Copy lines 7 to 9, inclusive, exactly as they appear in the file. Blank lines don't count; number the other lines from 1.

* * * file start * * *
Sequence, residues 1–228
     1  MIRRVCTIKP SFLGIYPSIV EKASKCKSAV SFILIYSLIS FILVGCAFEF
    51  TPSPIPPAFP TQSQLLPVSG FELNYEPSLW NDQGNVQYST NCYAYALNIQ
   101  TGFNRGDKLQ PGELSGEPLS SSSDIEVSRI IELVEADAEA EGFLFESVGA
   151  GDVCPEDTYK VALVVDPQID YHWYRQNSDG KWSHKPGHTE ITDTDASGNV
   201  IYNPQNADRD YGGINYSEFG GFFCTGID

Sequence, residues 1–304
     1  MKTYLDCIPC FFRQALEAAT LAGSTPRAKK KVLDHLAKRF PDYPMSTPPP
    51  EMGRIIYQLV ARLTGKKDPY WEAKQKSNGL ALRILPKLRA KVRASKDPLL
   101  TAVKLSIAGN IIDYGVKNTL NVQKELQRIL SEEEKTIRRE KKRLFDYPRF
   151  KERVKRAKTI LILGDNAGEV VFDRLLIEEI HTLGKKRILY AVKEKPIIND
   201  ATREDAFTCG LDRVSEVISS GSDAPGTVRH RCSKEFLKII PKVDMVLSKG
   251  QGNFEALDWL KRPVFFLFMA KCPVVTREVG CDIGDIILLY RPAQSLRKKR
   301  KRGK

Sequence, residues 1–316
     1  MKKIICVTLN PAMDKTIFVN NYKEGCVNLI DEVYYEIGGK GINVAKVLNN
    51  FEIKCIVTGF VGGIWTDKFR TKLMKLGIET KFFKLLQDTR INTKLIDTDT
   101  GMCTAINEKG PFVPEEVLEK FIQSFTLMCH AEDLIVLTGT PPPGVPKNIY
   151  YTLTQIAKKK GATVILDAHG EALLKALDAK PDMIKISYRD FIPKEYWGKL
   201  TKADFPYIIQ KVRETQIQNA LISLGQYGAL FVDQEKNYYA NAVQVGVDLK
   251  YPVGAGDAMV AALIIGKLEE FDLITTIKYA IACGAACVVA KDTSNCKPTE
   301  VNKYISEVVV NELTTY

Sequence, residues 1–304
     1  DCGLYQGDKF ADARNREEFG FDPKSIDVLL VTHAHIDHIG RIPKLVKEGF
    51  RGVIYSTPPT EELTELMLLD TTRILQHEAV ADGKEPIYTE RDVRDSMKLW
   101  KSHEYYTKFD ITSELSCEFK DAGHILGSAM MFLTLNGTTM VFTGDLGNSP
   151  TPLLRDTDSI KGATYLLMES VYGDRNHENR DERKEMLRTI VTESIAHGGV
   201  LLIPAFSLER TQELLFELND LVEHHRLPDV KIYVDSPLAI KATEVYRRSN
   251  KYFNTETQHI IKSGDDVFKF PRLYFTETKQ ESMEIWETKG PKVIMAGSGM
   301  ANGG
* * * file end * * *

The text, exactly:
Sequence, residues 1–304
     1  MKTYLDCIPC FFRQALEAAT LAGSTPRAKK KVLDHLAKRF PDYPMSTPPP
    51  EMGRIIYQLV ARLTGKKDPY WEAKQKSNGL ALRILPKLRA KVRASKDPLL